“Mirror, mirror, on the wall, who’s the fairest of them all?” – Brothers Grimm, “Snow White”

Where it all started

Tax evolved like many things in the world we experience today. Taxes were already levied during the various reins of the Egyptian Pharaohs. The earliest taxes in Rome were customs duties on imports and exports and sales tax. The Saxon kings imposed taxes on land and property and also, sales tax. America was free of direct taxation such as income tax for most of its early history.

Reflecting on history, it appears that indirect taxes such as value-added tax (‘VAT’), goods and services tax (‘GST’), consumption tax and customs duties have been around for centuries and have been the means by which empires, kings, states and governments have funded its existence.

The two sisters of taxation

With history in mind, does direct or indirect tax hold the biggest risk for modern businesses today, with increasing pressure to achieve optimal growth and shareholder returns. Where should the focus be? Sleepless nights because of fear of non-compliance with corporate tax or fear of non-compliance with indirect tax?

Both taxes have the common goal of bringing funds under the control of a government for purposes of meeting their budgeted expenditure. The difference, however, lies in how these taxes arise. Income tax is levied on the taxpayer’s profitability, whilst VAT is levied on consumption transactions in a staged collection process making goods and services more expensive on the final consumer. VAT is therefore, levied irrespective of whether a taxpayer is profitable or not, wealthy or poor.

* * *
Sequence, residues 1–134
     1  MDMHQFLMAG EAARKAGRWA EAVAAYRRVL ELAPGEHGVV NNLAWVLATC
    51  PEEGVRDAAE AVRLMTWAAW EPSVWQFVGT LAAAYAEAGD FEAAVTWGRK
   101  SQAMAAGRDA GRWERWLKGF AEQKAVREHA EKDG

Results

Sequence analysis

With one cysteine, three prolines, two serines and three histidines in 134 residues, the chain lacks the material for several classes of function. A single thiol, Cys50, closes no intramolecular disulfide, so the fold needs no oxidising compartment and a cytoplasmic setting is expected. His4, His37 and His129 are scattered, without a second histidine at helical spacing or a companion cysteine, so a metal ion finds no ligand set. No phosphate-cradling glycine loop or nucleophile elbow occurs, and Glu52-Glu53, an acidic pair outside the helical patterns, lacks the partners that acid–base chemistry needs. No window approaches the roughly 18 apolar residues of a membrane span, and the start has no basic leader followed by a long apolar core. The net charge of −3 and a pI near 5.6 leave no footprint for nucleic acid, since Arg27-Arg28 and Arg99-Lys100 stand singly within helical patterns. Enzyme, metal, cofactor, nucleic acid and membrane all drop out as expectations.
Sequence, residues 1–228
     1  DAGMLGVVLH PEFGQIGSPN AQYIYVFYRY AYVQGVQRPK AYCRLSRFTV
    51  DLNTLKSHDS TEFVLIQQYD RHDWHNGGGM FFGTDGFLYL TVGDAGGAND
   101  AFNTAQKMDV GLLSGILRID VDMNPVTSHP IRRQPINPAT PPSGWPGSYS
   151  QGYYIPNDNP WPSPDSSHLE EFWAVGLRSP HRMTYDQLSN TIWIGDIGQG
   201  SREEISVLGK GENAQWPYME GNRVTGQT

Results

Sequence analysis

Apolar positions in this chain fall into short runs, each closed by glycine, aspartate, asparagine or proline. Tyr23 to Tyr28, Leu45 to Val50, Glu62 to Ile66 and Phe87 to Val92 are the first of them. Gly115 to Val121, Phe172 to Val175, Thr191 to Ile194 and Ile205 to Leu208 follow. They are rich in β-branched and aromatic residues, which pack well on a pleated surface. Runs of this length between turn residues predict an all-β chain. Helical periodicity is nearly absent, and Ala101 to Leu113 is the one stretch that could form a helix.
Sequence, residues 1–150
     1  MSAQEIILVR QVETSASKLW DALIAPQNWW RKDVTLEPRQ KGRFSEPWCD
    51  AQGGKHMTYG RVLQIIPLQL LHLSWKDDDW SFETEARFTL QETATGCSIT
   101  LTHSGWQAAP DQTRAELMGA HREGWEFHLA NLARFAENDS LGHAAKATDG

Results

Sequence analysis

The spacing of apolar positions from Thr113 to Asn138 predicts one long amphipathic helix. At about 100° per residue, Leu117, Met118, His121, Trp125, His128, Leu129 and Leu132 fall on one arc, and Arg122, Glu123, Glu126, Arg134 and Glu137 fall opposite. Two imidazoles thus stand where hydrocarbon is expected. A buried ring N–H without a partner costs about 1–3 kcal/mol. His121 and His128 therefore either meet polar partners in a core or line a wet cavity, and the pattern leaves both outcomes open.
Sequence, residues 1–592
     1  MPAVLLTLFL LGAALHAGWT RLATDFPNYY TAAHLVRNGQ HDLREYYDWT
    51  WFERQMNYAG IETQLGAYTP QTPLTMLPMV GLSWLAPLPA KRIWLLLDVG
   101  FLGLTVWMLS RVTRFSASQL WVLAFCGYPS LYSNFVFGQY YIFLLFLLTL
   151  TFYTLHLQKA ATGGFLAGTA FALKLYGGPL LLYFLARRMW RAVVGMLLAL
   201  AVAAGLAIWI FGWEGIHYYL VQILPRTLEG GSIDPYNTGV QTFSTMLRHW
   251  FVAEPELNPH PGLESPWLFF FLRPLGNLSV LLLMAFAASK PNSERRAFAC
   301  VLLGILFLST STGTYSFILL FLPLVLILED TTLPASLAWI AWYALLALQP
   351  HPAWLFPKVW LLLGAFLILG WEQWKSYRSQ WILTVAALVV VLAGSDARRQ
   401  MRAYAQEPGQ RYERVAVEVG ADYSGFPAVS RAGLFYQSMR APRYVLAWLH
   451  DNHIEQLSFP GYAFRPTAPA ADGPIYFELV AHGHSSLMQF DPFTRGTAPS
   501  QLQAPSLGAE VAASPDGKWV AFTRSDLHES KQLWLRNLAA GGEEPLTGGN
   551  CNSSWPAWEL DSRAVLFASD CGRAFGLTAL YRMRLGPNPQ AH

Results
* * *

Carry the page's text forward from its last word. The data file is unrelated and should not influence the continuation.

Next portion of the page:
Before the 1950s and 1960s, African countries were colonies of European countries such as Great Britain, France and Portugal. With independence, the African countries inherited the tax laws established by the colonial administrations. After independence, in many instances, the intention of the legislature was lost and parts of the tax legislation have not been studied or even implemented, although it exists. Taxes collected were used to upkeep infrastructure and development in these African countries, however with independence, many of the knowledge that once existed within the African countries, were lost.

Indirect Tax taking the lead

The African countries have, however started building up tax resources again and many tax legislative changes are seen. Tanzania recently enacted an entirely new VAT legislation in 2015. Professional services firms have advocated for governments to increase the emphasis on VAT as opposed to income tax, in order to make countries better investment destinations, grow savings and ensure that governments rely less on unpredictable taxpayer profits in order to ensure a sustainable economy. Tax authorities in Africa recognises this wisdom, with the majority of the 54 countries enforcing their own VAT legislation fairly rigorously.

The introduction of VAT/GST is continuing to increase globally, with the Indian parliament passing into law GST on 3 August 2016; being the most recent country to approve GST. The UAE plans for all GCC countries to introduce VAT anytime from 1 January 2018 to 1 January 2019.